So, for you, (fill in your name), for you to make the next step in your spiritual unfoldment, unless you've already done it just recently, [you need a] complete shift and change in the environment. Why not? If someone else did it, it would be okay, right? 'But not me.' That's the point. Not that you have to do that, but why is it that you can't?"

Talk originally given on Oct. 19, 2009 in Kyoto, Japan.
Doug Sensei's teacher was the great Canadian lama, Namgyal Rinpoche.

podcast.clearskycenter.org
http://www.planetdharma.com/

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Paralyzed and…Free!

A quadriplegic man in the hospital for 25 years sees the spaciousness through which all manifestations can arise, including the mind. Was no longer obsessed with the arisings.

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Part two of the "Why Practice the Paramis?" podcast from Aug. 23, 2013.
The "he" referred to at the beginning is "Gerry," who was laid up in the hospital for 8 weeks unable to move. This talk was originally given on Dec. 13, 2007, in Kyoto, Japan.

podcast.clearskycenter.org
http://www.planetdharma.com/

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Why Practice the Paramis?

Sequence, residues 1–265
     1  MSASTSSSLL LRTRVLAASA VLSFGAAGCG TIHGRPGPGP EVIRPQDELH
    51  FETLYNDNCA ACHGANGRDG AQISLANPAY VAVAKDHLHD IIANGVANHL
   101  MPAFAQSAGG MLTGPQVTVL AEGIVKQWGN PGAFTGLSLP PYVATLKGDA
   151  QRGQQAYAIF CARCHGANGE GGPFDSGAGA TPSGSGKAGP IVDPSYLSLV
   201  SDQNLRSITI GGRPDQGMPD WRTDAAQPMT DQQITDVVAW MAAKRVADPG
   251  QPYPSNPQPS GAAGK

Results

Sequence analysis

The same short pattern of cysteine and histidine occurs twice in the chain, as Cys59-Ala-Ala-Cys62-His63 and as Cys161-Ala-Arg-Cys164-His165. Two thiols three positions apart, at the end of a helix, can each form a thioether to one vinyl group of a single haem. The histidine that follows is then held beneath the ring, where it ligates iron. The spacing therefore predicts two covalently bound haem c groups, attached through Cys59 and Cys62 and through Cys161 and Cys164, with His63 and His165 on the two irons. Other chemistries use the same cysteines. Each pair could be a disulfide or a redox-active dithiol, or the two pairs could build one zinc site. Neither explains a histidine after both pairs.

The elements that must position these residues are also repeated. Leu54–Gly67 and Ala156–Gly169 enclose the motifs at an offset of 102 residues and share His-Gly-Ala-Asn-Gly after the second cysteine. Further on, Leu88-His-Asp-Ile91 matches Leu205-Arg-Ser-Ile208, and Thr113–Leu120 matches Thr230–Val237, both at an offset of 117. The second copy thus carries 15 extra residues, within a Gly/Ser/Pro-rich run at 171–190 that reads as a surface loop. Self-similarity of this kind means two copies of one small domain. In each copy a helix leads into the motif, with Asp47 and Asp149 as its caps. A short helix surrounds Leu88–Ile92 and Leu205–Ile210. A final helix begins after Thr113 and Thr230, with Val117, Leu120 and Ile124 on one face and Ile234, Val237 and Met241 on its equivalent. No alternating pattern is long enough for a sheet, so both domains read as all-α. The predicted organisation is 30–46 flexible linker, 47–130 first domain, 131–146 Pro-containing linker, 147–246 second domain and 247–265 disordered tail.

Why? The paramis are qualities of character, or "perfections" of heart and mind that can be developed to support the path of awakening--practices which develop wholesome activity, growth and enlightenment. "It is so clear that the Teaching is the only refuge."

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What are the paramis?
They are qualities of character, or "perfections" of heart and mind that can be developed to support the path of awakening--practices which develop wholesome activity, growth and enlightenment.
In the Theravadin school of Buddhism there are ten. In Mahayana, six, considered to indicate a sequence of development: generosity, virtue (coolheadedness), patience, energy, concentration, and wisdom.
For more on the paramis, search for "A Guide to the Bodhisattva's Way of Life" or "paramita." Also, "The Path Of Victory: Discourses on the Paramita" by Namgyal Rinpoche can be ordered from BodhiPublishing.org

Transcript: